Over the next few weeks, I was offered this position with Shell International Exploration & Production (SIEP) in Houston. The project would involve doing the preliminary engineering during concept select phase in Houston and then transitioning to a 4 week rotation in Nigeria during later phases of the project. SIEP was contracted by Shell Nigeria Exploration & Production Co (SNEPCo) to provide the deepwater infrastructure engineering for projects operated by SNEPCo in Nigeria as SNEPCo did not have deepwater engineering capability at that time.
Bonga North (BN) along with Bonga Northwest (BNW) and Bonga Southwest-Aparo (BSWA) were SNEPCo’s three deepwater projects in Nigeria when I started with SIEP in 2006. BNW, an extension to the existing Bonga field, was the most mature project being in execute phase with Vetco already building the subsea controls. Vetco was the subject of previous investigations by the US Justice Department for Foreign Corrupt Practices Act (FCPA) violations which resulted in very large fines for both Vetco and Shell and a deferred prosecution agreements for both companies. BSWA was preparing the Invitation to Tender (ITT) and BN was just starting concept select phase.
Concurrently with the engineering for the three SNEPCo projects being done in Houston, Jerry Jackson, a Shell manager from Houston was sent to Nigeria in late 2006 or early 2007 to establish a deepwater engineering capability for SNEPCo in Nigeria. Jerry did an amazing job and by the time I arrived in Nigeria in August 2012, 80-90% of the engineering staff at SNEPCo was Nigerian. Several of the Nigerian engineers had worked for SIEP for 3-4 year assignments on deepwater projects in the Gulf of Mexico and several others were sent to Houston for several months at a time to assist us with the engineering on the SNEPCo Nigerian projects.
All three of the Bonga projects were eventually shut down for various reasons. The subsea controls lead engineers on the other two projects indicated that they did not want to work in Nigeria when the projects were restarted, so I volunteered to take over as lead controls engineer for whichever project restarted first. BNW was the first to restart and by the time it resumed, SNEPCo already had a significant deepwater engineering capability. SIEP did provide some engineering support for BNW from Houston – primarily high-level review of ITT documents and review of the technical tenders from the two bidders.
I was contacted in 2011 by a Nigerian who had been assigned to SIEP about the same time I started in 2006 and had returned to Nigeria. He said that BSWA was restarting and asked if I was still interested in working in Nigeria. He explained that SNEPCo no longer contracted with SIEP for SIEP engineering personnel as it was too expensive after SIEP’s markup and that I would have to leave SIEP and contract through a Nigerian company. I agreed to work for SNEPCo through a Nigerian agent when I completed the Cardamom project in the GoM. He put me in contact with a Nigerian agent and I negotiated a day rate and other terms with the Nigerian agent. Unfortunately, Cardamom was delayed and I did not go to Nigeria in 2011.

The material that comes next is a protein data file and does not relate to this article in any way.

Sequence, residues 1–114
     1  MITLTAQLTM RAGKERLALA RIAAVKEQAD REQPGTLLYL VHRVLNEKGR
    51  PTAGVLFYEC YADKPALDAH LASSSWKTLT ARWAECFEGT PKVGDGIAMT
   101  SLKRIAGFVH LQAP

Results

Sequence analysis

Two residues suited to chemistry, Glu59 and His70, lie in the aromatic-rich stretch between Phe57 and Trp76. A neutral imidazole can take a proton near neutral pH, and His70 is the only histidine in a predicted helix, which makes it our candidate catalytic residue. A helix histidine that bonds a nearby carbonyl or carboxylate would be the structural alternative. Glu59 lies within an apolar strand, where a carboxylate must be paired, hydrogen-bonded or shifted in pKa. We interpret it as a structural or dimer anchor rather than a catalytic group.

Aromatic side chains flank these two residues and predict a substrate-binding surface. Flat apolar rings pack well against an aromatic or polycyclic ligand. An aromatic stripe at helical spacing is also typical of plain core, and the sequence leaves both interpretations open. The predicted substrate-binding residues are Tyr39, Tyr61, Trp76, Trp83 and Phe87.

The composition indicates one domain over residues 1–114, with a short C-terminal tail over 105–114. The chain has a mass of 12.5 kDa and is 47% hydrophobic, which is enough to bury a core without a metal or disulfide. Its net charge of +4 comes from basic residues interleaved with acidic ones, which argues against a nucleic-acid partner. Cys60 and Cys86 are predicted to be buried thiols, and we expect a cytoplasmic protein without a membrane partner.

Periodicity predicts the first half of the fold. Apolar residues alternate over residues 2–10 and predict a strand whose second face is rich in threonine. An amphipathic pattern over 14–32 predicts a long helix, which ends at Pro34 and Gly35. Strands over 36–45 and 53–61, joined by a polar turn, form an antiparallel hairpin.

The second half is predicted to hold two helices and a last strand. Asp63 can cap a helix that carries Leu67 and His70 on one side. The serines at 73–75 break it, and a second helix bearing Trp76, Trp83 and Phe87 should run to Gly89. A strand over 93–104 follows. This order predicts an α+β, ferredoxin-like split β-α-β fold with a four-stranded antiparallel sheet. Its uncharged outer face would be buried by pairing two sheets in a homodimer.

The Cardamom subsea control system was the first of a new generation of subsea controls to be delivered to Shell by FMC so it underwent extensive Factory Acceptance Testing (FAT) and Extended Factory Acceptance Testing (EFAT) at the software developer’s lab in Houston during the first half of 2012. BNW would be the second system to use the new FMC architecture and was a few months behind Cardamom’s completion schedule. The two systems were side-by-side in the software lab at W-Industries in Houston and the programmers working on BNW were applying the software corrections for the punch list items that we found on Cardamom to BNW as we found them. My Nigerian colleague agreed that starting about May 2012, I would work half time for SIEP completing the EFAT testing of Cardamom and half time for SNEPCo assisting SNEPCo’s Nigerian staff with the FAT and EFAT testing of BNW.
I was put in contact with Chris Henshaw (who also used the names Marshal Effiom or Chris Effiom), the general manager at Midis Energy Services Limited, 29 Alhaji Bashorun Street, Southwest, Ikoyi, Lagos, a different Nigerian agent than I was sent to the year before. This time, Midis would only agree to pay me 75% of what was agreed the previous year. I called my Nigerian colleague and told him that I would not be coming to Nigeria after all. My Nigerian colleague stated that I should have been offered the same day rate as the previous year and that he would look into it and call me back. My Nigerian colleague called back a few days later to explain that the offer in 2011 was a “gross rate” and that I would be responsible for paying taxes. The 2012 offer of 75% was “net after taxes” and that Shell would pay 25% of the gross day rate to the Nigerian government for taxes. Since I would receive a foreign tax credit for the Nigerian taxes against my US tax liability, this was essentially the same offer as 2011. I was not familiar with the Nigerian culture of corruption and accepted the offer, agreeing to start working a nominal 6 week on, 2 week off rotation in Lagos about August 2012.